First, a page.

The Kennedy Key is designed based upon the analytical calculations and then analysed through the finite element analysis in Ansys Workbench with relevant boundary conditions. The numerical and analytical solutions differ by a considerable amount for the compressive stress, shear stress as well as the factor of safety. An increase in the magnitude of normal and shear stresses from the analytical results in an increase in equivalent stress and eventually a reduction in factor of safety from a value of 3 as per the key is designed to a value of 1.1 which is obtained through the FEA solution. This is due to the fact that in analytical solution the part is assumed to have uniform factor of safety throughout the body but it varies throughout the regions of part due to varying geometrical sizes and thickness. The region having lowest factor of safety is most likely to fail or fatigue during the part lifetime. Hence, the key should be designed such that the factor of safety in no region falls below 1.5 which is taken as reference to industrial standards. Hence, for the particular application considered, the dimensions of the Kennedy Key has to be changed to increase the minimum factor of safety from 1.1 to 1.5. This iterative process can be assisted by the comparative study in which variations in equivalent stress and factor of safety with length have been plotted on the graph for different cross-section areas. The graphs can be interpreted to select the optimum dimensions of cross-section and length of the Kennedy Key for obtaining required magnitudes of factor of safety required for the specific application.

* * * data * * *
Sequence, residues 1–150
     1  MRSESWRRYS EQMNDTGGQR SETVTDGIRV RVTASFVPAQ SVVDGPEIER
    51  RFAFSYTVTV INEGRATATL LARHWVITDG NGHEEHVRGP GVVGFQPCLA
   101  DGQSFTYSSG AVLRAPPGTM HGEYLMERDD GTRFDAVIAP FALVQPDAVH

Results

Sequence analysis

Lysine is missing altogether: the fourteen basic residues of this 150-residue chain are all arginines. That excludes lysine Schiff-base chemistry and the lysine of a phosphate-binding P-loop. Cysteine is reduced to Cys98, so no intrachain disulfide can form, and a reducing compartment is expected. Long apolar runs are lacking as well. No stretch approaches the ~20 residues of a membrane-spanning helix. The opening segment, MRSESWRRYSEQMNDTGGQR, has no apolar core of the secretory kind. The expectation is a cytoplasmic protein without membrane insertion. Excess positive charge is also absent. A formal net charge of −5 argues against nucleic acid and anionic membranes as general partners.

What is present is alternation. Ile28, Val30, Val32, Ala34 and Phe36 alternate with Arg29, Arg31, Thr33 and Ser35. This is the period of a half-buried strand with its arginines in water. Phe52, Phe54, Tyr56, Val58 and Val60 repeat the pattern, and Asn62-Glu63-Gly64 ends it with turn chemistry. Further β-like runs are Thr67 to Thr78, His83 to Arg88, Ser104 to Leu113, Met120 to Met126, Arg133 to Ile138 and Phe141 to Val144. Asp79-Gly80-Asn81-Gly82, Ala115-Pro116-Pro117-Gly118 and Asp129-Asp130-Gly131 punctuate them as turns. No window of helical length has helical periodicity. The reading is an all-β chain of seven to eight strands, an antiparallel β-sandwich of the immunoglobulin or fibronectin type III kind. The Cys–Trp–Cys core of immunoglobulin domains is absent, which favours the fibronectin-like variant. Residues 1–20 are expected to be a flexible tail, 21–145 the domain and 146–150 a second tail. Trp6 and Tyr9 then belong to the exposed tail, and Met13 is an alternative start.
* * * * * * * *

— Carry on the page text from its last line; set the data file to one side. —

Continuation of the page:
9. REFERENCES

  1. V.B. Bhandari, Design of Machine Elements, 3rd ed, Tata McGraw- Hill Education, 2010.

  2. IS: 1570-2. Schedules for Wrought Steels, Part-2: Carbon Steels, Indian Standards Institution, 1979

  3. ANSYS Workbench Users Guide, Release 12.1, ANSYS, Inc., 2009

  4. O.C. Zienkiewicz and R.L. Taylor, The Finite Element Method. 5th ed, vol 1: The Basis, Butterworth-Heinemann, 2000.